Villager 'blocked neighbours' driveways'

A VILLAGER repeatedly blocked his neighbours' access to their homes by parking his car over their driveways, it has been alleged.

Jane Hunt

A VILLAGER repeatedly blocked his neighbours' access to their homes by parking his car over their driveways, it has been alleged.

Despite being made the subject of a court order banning him from obstructing Back Lane in Monks Eleigh, Michael Cornwell continued to block driveways with his Rover car, Ipswich Crown Court was told.

Cornwell, 55, of Back Lane, has denied acting in breach of a restraining order made by magistrates in 2003 by placing his car on private land in the quiet street between February 22 and March 18 this year.

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Simon Spence, prosecuting, said that on a number of occasions Cornwell had completely blocked his neighbour Richard Thomson's driveway and when asked to move the vehicle had replied: “It's a parking place.”

In order to stop Cornwell parking there, Mr Thomson had placed two large pieces of timber across the mouth of his drive and had written his house name on one of them.

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However he later noticed that one of the pieces of wood had been moved to land adjacent to his property.

“Mr Thomson said there were times when it was physically impossible for him to go about his daily business because of the defendant's behaviour,” said Mr Spence.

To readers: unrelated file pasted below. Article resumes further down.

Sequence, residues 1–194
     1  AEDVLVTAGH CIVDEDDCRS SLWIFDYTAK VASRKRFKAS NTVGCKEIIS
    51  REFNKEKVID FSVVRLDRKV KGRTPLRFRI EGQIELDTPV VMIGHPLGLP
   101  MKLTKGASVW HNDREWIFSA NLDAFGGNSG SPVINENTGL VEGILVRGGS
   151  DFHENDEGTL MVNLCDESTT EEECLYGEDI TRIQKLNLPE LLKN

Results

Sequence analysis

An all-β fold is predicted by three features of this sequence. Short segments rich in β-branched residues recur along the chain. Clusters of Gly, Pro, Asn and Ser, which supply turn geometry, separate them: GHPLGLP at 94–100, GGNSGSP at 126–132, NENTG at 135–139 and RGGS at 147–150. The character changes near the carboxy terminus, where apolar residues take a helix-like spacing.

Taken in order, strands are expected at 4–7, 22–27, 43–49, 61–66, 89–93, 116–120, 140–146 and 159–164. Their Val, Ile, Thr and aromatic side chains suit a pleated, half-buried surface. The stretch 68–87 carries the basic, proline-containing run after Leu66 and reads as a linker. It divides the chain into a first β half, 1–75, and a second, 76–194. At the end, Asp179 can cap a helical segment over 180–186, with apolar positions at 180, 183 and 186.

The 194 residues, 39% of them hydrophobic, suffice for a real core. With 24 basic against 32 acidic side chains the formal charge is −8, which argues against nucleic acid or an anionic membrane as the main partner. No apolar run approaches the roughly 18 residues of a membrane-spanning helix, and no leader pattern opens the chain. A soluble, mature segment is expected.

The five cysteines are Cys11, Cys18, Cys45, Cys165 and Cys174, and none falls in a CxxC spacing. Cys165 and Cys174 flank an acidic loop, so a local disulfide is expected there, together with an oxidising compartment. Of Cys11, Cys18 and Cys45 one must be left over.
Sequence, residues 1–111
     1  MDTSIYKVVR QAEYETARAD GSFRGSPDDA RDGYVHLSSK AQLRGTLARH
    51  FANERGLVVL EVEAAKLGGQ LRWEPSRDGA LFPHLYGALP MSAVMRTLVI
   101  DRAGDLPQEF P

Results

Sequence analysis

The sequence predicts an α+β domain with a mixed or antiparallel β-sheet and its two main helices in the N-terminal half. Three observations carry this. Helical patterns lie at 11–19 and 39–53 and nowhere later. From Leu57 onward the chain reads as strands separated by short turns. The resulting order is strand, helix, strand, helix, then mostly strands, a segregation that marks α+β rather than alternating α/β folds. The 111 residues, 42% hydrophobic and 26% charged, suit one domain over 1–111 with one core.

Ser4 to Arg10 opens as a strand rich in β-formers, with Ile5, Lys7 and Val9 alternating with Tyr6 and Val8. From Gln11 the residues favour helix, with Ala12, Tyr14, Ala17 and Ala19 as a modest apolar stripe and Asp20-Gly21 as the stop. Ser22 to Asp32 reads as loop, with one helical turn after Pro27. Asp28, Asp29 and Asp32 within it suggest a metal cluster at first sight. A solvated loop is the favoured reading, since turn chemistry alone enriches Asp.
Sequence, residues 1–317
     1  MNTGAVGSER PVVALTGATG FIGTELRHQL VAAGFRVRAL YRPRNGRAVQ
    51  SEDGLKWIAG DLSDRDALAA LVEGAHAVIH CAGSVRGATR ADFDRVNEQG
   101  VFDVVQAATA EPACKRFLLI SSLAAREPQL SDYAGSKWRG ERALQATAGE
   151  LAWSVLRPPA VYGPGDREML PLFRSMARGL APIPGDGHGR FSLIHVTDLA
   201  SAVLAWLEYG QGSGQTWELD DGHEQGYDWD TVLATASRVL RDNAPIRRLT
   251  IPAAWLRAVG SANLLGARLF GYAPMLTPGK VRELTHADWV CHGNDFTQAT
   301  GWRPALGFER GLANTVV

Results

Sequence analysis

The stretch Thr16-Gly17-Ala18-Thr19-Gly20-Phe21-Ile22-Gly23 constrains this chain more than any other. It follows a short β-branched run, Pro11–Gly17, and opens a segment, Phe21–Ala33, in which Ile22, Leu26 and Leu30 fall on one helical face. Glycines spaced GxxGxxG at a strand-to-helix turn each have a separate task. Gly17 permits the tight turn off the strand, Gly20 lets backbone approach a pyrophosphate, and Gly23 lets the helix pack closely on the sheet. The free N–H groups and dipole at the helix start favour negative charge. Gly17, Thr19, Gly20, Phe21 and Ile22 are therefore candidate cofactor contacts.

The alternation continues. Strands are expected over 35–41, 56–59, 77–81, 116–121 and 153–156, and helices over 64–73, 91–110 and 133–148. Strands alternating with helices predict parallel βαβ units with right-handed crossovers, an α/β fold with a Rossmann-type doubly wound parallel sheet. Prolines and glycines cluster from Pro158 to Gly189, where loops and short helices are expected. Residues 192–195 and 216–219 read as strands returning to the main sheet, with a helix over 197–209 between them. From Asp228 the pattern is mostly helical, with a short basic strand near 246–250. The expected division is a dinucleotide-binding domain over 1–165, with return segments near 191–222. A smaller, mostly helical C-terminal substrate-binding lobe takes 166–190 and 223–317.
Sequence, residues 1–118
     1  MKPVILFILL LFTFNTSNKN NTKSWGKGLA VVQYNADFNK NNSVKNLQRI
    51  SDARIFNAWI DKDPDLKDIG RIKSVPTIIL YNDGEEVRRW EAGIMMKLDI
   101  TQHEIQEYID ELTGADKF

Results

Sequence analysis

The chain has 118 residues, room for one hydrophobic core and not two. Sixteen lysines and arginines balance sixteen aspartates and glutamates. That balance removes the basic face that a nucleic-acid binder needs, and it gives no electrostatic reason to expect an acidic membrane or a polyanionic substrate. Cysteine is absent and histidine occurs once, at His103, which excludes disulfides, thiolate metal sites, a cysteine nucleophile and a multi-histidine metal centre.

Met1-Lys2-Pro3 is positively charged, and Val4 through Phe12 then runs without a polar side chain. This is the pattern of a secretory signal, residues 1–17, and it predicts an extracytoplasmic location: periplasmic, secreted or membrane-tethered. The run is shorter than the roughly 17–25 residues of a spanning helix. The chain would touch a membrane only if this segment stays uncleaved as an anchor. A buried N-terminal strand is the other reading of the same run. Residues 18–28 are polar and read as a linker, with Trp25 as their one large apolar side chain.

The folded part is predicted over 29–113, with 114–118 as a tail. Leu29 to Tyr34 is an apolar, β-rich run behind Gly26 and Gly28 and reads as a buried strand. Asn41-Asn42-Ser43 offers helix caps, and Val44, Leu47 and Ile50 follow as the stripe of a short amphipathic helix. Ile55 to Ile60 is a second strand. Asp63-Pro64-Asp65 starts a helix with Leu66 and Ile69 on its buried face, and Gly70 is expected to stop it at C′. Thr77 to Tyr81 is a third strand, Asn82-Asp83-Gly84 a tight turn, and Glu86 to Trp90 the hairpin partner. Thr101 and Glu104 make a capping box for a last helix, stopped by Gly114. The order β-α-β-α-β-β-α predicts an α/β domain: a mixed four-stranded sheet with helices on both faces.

Another neighbour, Robert Hyland, claimed he arrived home from work on March 25 and saw Cornwell park his car in his driveway.

He had asked him to move the vehicle but Cornwell had allegedly replied “no” and said he had a right to park on Mr Hyland's driveway as it was “amenity land”.

Several days later Mr Hyland had gone to Cornwell's house to ask him to move his car and on that occasion Cornwell had told him he was on the telephone and had moved his car 45 minutes later.

The police were informed about Cornwell's alleged behaviour and during interviews he claimed that as far as he was concerned the restraining order had been lifted.

However, Mr Spence told the court that was not the position and it was accepted by the defence that the restraining order was still in force at the time of the alleged breach.

Mr Spence said that Cornwell told police that “from time to time” he had parked his car across the drive to his neighbours' houses for a couple of minutes at a time.

“That is in stark contrast to what Mr Thomson and Mr Hyland say,” said Mr Spence.

The trial continues today.

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